How can we organize against the multiple wars of the U.S. and at the same time plant the seeds for the future mass radical movement that’s required to end the war system itself? As Adele Oliveri points out in her Commentary written from Spain in February, "the international anti-war movement should recognize that the threat of a permanent war is the natural consequence of an economic order rewarding greed over solidarity, power over cooperation, ruthlessness over tolerance."
The great strategic weakness of radical analysts who in the past have urged that a particular evil (war) be put in the context of the macro system of which it’s a part, is that they often end up disempowering their audience. "Oh, great," says the activist in the street, "not only am I to stop this war but I’m to bring down the whole bloody system. I might as well go to the movies and escape!"
To do anything but bay at the moon, radical analysts need colleagues who propose positive vision (what will replace the dysfunctional system?) and strategy (how can we imagine that the system can actually be changed?).
Lately some of us have been experimenting at the grassroots with a strategy tool that gives heart to activists who are organizing now, at the same time as it raises the possibility of structural change. Since activist response to the last strategy tool I passed along has been enthusiastic, I’ll share this one. (For the last one see ZNet Commentary "Strategizing Against the Iraq War," October 2002.)
Matt Guynn, a Training Associate of Training for Change, reports from the heartland of Indiana one example of the use of this tool. (We’ve also tried this tool out in several countries and so far it seems to travel across cultures.) The group of 40 included postal workers, high school students, local pastors, a former mayor, and quite a mix of ages. In the beginning of the meeting many revealed anxiety and discouragement about the Iraq war.
Matt began by asking what kind of support the US war effort needs, and wrote the group’s ideas up on newsprint: arms makers, media, silent citizens, military advisors, etc. The list was long, and Matt asked the people to identify five or six from the list and form groups around those.
The six groups worked simultaneously in different parts of the room. Each developed two or three very specific actions (not general concepts) that they could take to withdraw the support their group lends to the war effort. While they worked, Matt placed a large mattress in the middle of the room. After five or so minutes of group work, each small group sent two representatives to the middle. Matt told them the mattress represented the U.S. push toward the war in Iraq, and asked them to lift the mattress over their heads, using only one hand each.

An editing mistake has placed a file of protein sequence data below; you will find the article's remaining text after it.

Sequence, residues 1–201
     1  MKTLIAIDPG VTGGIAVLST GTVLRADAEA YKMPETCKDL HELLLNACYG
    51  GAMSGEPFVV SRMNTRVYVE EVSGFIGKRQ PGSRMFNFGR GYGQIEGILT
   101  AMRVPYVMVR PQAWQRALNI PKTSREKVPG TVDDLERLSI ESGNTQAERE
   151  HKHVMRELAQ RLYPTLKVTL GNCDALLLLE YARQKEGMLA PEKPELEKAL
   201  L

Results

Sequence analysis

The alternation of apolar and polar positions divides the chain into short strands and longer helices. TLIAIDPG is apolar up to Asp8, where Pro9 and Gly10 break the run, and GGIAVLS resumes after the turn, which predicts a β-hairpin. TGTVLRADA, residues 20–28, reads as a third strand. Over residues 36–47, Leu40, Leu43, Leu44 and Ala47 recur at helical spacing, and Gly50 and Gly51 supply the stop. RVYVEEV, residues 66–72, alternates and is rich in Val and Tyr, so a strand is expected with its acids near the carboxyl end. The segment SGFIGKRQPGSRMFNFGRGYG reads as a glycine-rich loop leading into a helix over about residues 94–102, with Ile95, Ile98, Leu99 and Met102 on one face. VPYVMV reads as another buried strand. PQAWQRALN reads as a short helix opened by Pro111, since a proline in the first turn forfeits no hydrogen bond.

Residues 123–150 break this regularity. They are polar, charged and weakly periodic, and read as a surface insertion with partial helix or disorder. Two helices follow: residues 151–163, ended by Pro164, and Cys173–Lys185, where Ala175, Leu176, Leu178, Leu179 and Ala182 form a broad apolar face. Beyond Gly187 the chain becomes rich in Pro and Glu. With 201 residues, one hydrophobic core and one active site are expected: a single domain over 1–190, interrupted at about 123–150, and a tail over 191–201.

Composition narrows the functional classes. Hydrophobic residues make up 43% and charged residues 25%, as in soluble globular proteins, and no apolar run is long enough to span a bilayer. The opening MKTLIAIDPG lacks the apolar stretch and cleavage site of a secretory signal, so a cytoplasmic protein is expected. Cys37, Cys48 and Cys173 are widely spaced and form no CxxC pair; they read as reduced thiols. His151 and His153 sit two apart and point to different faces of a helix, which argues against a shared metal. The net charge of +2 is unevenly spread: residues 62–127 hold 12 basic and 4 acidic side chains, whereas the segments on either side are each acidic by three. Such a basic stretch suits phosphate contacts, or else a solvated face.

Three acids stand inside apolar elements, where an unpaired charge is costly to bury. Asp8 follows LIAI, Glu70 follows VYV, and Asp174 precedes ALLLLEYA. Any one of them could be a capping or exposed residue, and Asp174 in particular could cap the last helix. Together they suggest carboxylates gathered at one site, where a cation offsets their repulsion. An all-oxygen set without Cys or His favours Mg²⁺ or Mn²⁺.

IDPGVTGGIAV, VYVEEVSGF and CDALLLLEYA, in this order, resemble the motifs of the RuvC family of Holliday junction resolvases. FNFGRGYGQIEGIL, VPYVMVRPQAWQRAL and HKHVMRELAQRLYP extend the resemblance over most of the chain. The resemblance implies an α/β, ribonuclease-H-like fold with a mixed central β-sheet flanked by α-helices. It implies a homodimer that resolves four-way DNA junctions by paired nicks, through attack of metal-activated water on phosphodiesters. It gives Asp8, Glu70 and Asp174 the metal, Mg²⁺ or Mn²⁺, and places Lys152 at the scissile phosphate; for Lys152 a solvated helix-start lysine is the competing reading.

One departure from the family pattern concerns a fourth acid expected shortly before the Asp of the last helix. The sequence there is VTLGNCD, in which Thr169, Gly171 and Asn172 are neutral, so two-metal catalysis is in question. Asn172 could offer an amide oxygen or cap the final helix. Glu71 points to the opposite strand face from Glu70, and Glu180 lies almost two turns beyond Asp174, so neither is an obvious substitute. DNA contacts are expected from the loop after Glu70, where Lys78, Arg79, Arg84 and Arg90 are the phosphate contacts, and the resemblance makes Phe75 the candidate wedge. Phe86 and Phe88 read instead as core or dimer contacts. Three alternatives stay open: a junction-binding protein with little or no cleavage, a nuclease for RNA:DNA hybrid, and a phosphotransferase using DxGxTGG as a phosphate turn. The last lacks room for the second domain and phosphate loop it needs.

Each group then sent a delegate in from the team on the sidelines, to loudly announce one of their actions and remove one of their team members from supporting the war effort. The religious groups made a nationally televised public statement criticizing the war as unjust. The silent majority began to speak up to their co-workers about their concerns. The media started to print, once in a while, an alternative and critical perspective on the war. As the supports were withdrawn, the war effort started to sag. . . and it finally came toppling down!
After reveling in the exhilaration and really enjoying the feeling that the "fall" brought, the next step was to ask, "in what ways are the supports already being withdrawn from the war effort?" And the list grew! As the group built the list, Matt asked what people in this community would like to be working on together.
This proceeded into six self-selected working groups that continued to plan together to take specific actions that made sense in terms of this larger picture of power. "The group left feeling energized and activated," Matt writes, "with connections made with many other citizens who hadn’t known each other before."
Moreover, the exercise introduced in a vivid way the very same principle which enabled the young people of Yugoslavia to overthrow dictator Milosevic three years ago: the ruler’s power and policy depends on the compliance of the ruled.
That’s the principle that also enabled the people of Iran to overthrow the Shah. AND enabled the people of East Germany to overthrow the Stalinists. It turns out that the George Bushes, Shahs, and Milosevics of the world all need the same thing to continue their rule: at least the passive cooperation of their people. And when the compliant shift to active noncooperation, to people power, on a large enough scale using dynamic forms of nonviolent coercion, the government falls time and again.
Ah, someone might say, the noncooperation of the people doesn’t by itself bring in the Promised Land. Quite true — Strategy needs to be long-run as well as short-run, and it needs to serve Vision (visionaries, take a bow!) and take into account Analysis (analysts, take a bow as well).
The whole combination of radical analysis, vision, and strategy won’t move very far, however, if people don’t believe that their power can make a difference. That’s the usefulness of this tool. It’s a way of meeting people where they are right now (fighting this particular war) and at the same time pointing toward a root principle that will be essential "come the revolution."
More instructions on using this tool, which we call "the mattress game," can be found under "strategy tools" on our website: TrainingforChange.org Matt Guynn says he’ll be happy to answer questions: firstname.lastname@example.org
George Lakey is director of Training for Change and has led over 1,000 workshops for activists on five continents. He debates Ward Churchill’s view of strategy in his essay "A Sword that Heals," on the Training for Change website.